In 2008, Barack Obama’s Presidential Campaign innovated in a way that would become the norm for all subsequent elections in the United States. In what would become known as the ‘Facebook Election’, Obama’s team used digital media in a way that was never seen before. By reaching out to users via SMS, YouTube, Facebook and other social networks, Obama’s team managed to create immediacy and excitement that was never seen before in a political campaign.
This wasn’t only a success for the would-be 44th President, but also for his campaign team’s bottom line. Take, for example, the campaign’s use of YouTube. According to Joe Trippi, a political consultant, the 2008 Obama campaign managed to save almost $50m (€44.1m) by using YouTube to broadcast content instead of paying TV stations.
Nevertheless, what happened in 2008 was prehistoric compared to the 2012 political campaign, according to Obama’s Chief Strategist, David Axelrod. In 2012, Obama’s team utilised five predictive models for individual voters. These models indicated the probability of voters, on an issue-by-issue basis, being persuaded to cast their vote in Obama’s favour, predicting overall support as well as the likelihood of donating, volunteering and voting. Data to inform these models was mined from various sources, including the Obama for America app which, with over one million downloads, became one of the primary vehicles in the drive for data.
Crucially, these models worked. Two-thirds of the $541 million (€478m) that Obama raised in donations came in amounts that were lower than $200 (€176). When compared with his challenger, Mitt Romney, the contrast is stark: only 26% of Romney’s $300m (€265m) was in the form of small donations. These models also allowed for more efficient work from volunteers on the ground: by discovering which issues affected support from individual voters their likelihood to vote, volunteers only spent time in streets populated by those citizens whose minds were open to change.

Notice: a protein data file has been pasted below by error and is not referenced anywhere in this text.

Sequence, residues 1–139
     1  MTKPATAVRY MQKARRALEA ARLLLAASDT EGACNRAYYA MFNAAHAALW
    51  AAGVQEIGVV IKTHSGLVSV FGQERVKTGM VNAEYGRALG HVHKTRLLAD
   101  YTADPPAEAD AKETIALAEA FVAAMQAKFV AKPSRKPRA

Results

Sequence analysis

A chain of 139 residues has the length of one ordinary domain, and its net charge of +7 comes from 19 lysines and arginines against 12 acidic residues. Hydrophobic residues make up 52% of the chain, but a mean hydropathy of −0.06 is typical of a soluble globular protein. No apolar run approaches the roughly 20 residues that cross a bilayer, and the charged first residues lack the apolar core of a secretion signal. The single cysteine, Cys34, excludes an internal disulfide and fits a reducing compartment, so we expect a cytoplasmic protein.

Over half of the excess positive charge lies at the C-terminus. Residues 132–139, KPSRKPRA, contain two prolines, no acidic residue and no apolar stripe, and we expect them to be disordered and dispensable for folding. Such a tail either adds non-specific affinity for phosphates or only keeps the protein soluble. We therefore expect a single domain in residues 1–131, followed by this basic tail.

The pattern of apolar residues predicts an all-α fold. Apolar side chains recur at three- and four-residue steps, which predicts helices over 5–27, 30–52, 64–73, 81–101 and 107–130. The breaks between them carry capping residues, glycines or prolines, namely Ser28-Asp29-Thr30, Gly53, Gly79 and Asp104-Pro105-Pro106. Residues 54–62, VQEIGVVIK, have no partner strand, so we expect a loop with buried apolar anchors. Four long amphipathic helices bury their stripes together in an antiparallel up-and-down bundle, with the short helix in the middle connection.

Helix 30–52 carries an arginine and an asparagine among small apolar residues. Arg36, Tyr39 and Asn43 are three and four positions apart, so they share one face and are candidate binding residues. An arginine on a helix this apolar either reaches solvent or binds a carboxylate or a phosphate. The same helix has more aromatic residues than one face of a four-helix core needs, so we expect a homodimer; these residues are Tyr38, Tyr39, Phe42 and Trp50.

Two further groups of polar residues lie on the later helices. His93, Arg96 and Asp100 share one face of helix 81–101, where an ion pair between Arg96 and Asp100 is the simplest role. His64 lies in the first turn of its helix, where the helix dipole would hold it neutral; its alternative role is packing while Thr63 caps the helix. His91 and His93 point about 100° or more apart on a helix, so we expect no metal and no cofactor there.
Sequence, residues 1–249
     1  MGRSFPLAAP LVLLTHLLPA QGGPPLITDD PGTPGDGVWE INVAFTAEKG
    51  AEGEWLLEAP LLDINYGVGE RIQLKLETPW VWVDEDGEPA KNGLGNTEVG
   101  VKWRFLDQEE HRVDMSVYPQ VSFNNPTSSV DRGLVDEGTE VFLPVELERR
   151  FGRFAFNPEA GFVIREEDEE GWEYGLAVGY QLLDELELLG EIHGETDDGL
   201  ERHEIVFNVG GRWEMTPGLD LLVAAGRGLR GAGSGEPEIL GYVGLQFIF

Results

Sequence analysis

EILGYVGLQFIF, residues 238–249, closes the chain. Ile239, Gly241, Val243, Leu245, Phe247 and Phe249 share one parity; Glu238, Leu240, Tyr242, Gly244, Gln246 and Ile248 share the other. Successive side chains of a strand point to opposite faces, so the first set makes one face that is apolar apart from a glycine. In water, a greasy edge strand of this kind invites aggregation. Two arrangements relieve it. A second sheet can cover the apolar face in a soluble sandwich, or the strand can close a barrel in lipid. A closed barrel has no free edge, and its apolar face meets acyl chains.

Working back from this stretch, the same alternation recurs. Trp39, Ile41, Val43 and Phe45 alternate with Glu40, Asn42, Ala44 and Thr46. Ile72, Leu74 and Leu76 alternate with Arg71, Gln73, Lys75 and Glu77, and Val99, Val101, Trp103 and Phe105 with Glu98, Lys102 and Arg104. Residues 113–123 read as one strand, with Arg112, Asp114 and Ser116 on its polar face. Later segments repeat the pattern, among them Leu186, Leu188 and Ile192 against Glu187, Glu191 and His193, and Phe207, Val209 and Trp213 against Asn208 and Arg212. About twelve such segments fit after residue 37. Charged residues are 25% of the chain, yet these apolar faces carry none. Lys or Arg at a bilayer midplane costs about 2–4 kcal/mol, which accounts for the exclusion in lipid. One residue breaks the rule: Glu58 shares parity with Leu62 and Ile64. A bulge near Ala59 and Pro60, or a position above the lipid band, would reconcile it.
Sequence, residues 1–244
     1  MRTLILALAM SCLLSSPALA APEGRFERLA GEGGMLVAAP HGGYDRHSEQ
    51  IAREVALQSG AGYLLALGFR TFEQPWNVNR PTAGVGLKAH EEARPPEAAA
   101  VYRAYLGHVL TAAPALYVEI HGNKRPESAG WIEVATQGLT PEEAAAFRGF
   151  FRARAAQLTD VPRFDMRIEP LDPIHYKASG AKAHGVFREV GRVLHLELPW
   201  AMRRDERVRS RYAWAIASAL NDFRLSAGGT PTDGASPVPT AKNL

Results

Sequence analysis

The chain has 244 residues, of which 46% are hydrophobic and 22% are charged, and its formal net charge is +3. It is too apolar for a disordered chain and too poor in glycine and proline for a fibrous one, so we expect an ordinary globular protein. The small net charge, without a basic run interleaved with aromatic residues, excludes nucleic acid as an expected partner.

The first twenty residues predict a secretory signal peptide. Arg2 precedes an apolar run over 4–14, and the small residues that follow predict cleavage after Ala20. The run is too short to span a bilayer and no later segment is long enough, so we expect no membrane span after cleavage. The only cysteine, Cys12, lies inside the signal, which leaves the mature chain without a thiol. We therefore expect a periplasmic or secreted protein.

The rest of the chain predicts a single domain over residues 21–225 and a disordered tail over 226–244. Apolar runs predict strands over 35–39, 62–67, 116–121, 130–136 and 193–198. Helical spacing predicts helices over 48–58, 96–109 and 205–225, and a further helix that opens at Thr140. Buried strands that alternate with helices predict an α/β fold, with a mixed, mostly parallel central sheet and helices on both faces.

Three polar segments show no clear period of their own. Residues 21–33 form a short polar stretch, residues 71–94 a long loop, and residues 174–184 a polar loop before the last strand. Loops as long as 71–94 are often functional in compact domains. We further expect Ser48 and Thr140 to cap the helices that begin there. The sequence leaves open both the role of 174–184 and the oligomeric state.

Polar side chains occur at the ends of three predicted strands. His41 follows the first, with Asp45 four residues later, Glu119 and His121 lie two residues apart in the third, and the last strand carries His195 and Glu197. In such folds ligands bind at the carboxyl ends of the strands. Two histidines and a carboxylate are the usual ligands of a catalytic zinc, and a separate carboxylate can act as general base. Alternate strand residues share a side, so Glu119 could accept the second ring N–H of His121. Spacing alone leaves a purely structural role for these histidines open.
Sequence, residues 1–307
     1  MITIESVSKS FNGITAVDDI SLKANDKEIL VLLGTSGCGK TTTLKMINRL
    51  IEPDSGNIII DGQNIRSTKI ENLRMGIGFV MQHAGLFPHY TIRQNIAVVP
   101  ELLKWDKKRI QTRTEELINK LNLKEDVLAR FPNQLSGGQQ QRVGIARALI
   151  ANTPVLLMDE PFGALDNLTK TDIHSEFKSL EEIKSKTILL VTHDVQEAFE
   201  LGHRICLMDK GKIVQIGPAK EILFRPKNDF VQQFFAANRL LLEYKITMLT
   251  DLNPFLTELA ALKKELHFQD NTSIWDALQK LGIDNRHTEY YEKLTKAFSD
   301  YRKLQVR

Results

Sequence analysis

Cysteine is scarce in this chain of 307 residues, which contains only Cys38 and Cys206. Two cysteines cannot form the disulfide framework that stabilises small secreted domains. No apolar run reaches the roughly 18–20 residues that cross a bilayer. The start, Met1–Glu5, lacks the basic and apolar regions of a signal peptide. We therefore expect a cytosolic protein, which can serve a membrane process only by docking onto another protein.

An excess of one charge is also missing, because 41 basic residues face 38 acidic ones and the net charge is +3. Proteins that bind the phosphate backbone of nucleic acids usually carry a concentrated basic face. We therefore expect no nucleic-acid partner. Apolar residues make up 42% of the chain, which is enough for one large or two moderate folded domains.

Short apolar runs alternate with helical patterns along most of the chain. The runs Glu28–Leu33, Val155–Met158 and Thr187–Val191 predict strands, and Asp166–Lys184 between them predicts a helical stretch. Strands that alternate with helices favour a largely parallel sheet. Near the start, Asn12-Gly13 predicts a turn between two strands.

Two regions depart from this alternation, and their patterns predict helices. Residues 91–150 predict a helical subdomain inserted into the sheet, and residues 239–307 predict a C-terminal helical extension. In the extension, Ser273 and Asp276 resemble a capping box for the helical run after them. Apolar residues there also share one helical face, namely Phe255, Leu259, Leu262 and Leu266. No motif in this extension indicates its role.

Is this really a positive change? A bright light on the horizon for campaign accountants and a boon for prospective candidates? Successes based on data are not without ethical considerations, at least in the view of Jeff Chester, from the digital advertising watchdog, Center for Digital Democracy. According to Chester, Obama’s 2012 ignore ethical and moral implications in “its rush to exploit the power of digital data to win re-election.” This view was echoed by the late Senator John McCain, who compared Obama’s use of data to that of Cambridge Analytica. However, McCain’s comparison misses some of the nuance of this situation, while Obama’s aforementioned app could have gathered the data of user’s friends in a similar way to Cambridge Analytica, it did not. This decision makes a big difference with regards to ethics and privacy. In reality, the evaluation of the ethics of the Obama campaign depends on personal beliefs. Some, such as author Bruce Bimber, claim that Obama’s use of data foreshadowed the scandals of recent years whereas those who support Obama point to the fact that no laws were broken and data wasn’t stored in the same way as Cambridge Analytica did.
Whatever the evaluation, one thing is clear: in 5 years, and two campaigns, Barack Obama and his team permanently changed the way political campaigning works.